Positive results
On a positive note, the rising ODI of companies has yielded positive results in the form of increasing profits and dividends accruing to them.

“Repatriation of profits and dividends earned from investments abroad will be partly used to invest domestically and create jobs. This also helps to accumulate foreign exchange holdings.

“It makes good business sense for companies that are established and have excellent track records to spread their footprints abroad {than] in a crowded domestic market, while simultaneously spreading risks,” says Lee.

In a way, investing abroad helps companies to sharpen their business sense under the pressure of competition and “non-familiarisation”.

Eventually, they will transform into highly competitive enterprises as they get exposed to new technologies, marketing techniques and a different pool of competitors.

While more local companies seek their fortunes abroad, the pressure is mounting on the government to maintain a liberal, business-friendly and competitive investment landscape to sustain higher domestic investment and retain and attract foreign direct investments.

Lee says increased ODI by homegrown companies should not be seen as resulting in less domestic savings to finance local investment, capital formation and job creation at home.

“In addition, Bank Negara’s foreign administrative rules also put in place safeguards regarding the amount of domestic borrowings that can be used to finance overseas investments.”

Furthermore, the data tells us that over the years, large cap companies recorded increased sales outside the country.

Of those featured, some 83% or 30 companies registered year-on-year growth in sales from overseas activities.

Overseas contributions
Kuala Lumpur Kepong Bhd (KLK) saw the highest jump in overseas revenue, with an increase of RM2.58 bil, driven by plantation and manufacturing activities. Over half its assets are located abroad.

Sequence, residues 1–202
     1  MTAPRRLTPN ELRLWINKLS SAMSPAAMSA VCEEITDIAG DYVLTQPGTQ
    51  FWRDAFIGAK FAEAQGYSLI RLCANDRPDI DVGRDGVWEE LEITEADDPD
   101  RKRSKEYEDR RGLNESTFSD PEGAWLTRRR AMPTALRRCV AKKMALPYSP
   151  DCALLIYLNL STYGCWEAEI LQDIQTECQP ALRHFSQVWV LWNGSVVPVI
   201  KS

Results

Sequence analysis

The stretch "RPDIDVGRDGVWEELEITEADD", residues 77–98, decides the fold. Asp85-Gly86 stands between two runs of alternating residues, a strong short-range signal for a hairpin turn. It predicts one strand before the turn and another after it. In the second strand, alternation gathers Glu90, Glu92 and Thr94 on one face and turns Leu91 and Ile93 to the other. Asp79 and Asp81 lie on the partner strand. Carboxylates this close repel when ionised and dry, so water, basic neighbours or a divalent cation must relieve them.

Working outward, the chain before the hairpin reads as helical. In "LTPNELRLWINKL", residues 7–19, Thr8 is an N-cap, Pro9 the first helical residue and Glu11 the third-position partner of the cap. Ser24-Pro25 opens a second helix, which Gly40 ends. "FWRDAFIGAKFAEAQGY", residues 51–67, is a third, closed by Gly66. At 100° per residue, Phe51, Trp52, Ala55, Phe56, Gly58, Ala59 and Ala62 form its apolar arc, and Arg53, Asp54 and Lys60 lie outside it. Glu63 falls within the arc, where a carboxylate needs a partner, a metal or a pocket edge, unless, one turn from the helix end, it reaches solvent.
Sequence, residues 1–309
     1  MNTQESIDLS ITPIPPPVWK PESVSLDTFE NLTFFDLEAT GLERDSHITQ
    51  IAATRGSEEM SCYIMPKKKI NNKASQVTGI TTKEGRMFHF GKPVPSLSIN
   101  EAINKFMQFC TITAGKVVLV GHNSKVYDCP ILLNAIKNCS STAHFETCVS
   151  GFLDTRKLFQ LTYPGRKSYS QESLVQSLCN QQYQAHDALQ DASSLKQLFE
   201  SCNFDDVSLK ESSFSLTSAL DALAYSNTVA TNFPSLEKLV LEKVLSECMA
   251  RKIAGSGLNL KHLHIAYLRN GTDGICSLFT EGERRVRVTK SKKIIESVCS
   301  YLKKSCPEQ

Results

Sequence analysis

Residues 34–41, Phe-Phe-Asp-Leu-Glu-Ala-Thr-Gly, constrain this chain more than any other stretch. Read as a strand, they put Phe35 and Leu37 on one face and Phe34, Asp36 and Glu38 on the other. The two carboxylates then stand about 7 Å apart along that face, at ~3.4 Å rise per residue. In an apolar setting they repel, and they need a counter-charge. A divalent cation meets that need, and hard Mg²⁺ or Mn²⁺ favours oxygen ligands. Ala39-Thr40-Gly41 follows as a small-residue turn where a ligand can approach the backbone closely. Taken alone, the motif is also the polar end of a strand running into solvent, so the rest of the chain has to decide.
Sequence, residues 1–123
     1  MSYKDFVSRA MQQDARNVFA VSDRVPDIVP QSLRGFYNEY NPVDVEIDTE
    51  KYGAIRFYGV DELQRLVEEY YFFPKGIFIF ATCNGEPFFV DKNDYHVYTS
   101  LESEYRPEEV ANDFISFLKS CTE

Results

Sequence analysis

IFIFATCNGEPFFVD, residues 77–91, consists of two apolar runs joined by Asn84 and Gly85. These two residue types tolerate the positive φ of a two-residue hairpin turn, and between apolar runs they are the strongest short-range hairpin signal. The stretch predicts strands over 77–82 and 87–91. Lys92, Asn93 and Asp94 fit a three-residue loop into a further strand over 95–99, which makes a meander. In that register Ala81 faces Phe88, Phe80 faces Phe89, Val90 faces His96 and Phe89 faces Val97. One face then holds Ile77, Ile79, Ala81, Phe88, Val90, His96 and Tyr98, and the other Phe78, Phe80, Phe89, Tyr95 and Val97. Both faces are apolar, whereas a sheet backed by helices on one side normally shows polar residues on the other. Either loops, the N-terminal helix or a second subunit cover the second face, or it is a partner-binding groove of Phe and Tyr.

However, this should not be construed as a lack of opportunity or that corporations are investing less locally.

Jerry says it is natural for businesses to expand overseas

iFast Financial research analyst Jerry Lee says it is a natural progression for businesses to expand overseas once they capture enough local market share and are looking for further expansion.

“If we look at the export data breakdown, companies that generate substantial foreign revenue also come from the country’s top exporting sector, for instance, the semiconductor and commodities related sectors.

“Most of these companies are within the primary and secondary industries which are involved in the extraction of raw materials and assembly and production of intermediate goods.

“These products tend to receive a decent demand from developed nations such as those in Europe, the US and Japan,” he says.

That rings true for semiconductors. About 20% of the country’s total exports are integrated circuits (ICs). The export of ICs is best explained by the lack of advanced technology and expertise in the local market to further unearth its value, says Jerry.

Of all the 35 counters featured, 18 are exporters from resource-based and manufacturing industries.

Many of them operate from Malaysia but sell most of their products overseas with the exception of planters like KLK and Sime Darby Bhd that have estates and manufacturing facilities abroad.

Astramina Advisory managing director Wong Muh Rong who advises clients on corporate finance matters, says it is common for local manufacturers to sell products overseas.

Hence, with Malaysia being a resource-rich country and the 26th largest export economy in the world, it is not surprising that some local companies receive hefty revenues from overseas.

Nevertheless, Wong sees these activities are not so much of ODIs. She says overseas expansion should be computed based on total investments abroad.

Hence, she says asset size will be a better measurement of whether a firm is having a significant presence overseas.

She says several factors need to be considered before any overseas investment is made. As it is, businesses do not operate in a vacuum.